The day before I left for Hawaii, I sat with a cup of coffee in front of my computer at 6:30 a.m. trying to come-to after a sleepless night. Suddenly Chicken Noodle burst in, arms aloft, and declared with delight,
“Everything’s better, Mom!”
About what happened next Noodle later recalled, “Mommy went (palms to face, mouth open, sharp intake of breath). Then she cried.”
Because everything wasn’t “better.” Not unless you think two children with their bangs cut to the scalp is “better”.
Noodle’s happiness crumbled in light of my tears. “Stop crying, Mommy! I’ll never do it again!”
But after a half-hour when I was still crying, she was all eye-roll: “Mom, are you ever going to stop crying? Like, by ten?”
I couldn’t stop. I wasn’t crying out of vanity because their school photos are ruined, even though they are. I wasn’t crying because they could have lost an eye, even though they could. I was crying because I took the situation personally. I saw it as a direct cost of my primary conflict: my work vs. my children. Or put more succinctly: self vs. family.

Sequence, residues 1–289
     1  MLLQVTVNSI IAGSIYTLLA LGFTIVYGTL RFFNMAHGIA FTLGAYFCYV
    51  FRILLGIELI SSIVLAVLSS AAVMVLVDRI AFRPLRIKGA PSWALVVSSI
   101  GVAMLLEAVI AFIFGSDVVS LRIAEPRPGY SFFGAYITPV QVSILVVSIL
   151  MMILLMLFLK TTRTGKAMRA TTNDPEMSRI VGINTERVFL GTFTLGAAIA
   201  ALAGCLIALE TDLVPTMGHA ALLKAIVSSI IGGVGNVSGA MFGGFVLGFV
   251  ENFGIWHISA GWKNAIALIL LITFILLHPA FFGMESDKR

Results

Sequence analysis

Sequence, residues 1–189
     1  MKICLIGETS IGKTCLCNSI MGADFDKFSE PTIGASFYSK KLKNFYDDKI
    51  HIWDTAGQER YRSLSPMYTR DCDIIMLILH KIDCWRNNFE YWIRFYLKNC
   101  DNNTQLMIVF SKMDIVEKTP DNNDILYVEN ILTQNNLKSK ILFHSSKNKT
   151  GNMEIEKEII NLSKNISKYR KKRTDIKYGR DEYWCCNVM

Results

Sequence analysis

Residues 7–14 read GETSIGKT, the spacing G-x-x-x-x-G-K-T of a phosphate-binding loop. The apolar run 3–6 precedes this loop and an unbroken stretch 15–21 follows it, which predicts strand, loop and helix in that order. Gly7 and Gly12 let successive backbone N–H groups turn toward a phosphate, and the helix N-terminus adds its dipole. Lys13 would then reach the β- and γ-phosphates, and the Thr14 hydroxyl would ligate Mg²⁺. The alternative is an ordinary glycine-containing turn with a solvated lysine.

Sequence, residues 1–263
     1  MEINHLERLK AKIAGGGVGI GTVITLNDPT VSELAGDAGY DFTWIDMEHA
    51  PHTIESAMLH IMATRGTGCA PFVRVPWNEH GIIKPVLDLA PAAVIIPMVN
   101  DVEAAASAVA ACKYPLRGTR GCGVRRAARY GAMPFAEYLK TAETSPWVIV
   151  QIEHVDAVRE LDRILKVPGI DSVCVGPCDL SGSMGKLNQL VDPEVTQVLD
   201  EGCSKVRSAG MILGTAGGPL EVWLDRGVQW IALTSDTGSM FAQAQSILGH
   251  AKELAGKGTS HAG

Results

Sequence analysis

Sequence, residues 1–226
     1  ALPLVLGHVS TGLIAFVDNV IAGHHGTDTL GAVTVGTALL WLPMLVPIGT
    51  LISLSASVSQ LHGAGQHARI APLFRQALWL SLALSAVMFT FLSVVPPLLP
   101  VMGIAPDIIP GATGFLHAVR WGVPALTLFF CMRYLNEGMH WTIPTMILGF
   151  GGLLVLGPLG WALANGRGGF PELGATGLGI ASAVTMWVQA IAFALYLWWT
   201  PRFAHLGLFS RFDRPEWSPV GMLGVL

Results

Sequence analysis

Because what I was doing in front of my computer at 6:30 a.m.—as beauty school commenced in the other room—was stewing over my book-in-progress. Obsessing, really. Not thinking about my children. Or their access to sharp objects.
My writing life lives in the same house as my family life. It’s like having two lovers. The problem with two lovers is that one of them is usually neglected. I steal a few moments for Lover A and Lover B slashes her hair off.
When I finally got my sister on the phone an hour later (yep, still crying), she laughed. “Almost every kid does this.” I continued to sob, insisting on my singular ineptitude and selfishness.
“Seriously,” she finally said. “When is this going to be funny?”
I sniffled. “Maybe next week?”
Here I am in next week, groping for the humor and self-forgiveness. As well as being practical. I’ve got to have a life of my own. And anyway, it isn’t possible for the chickens and me to spend 18 years together without sometimes being apart. I am banking this will build autonomy and confidence for all.
Still, I am not an idiot. I hid the scissors.
By the way, the reason Noodle declared that everything was “better” after having removed her bangs? “Now I can see my forehead like you, Mom.”
Let that be the final word on the subject: as long as my oldest daughter wants to emulate me, I must be doing something right.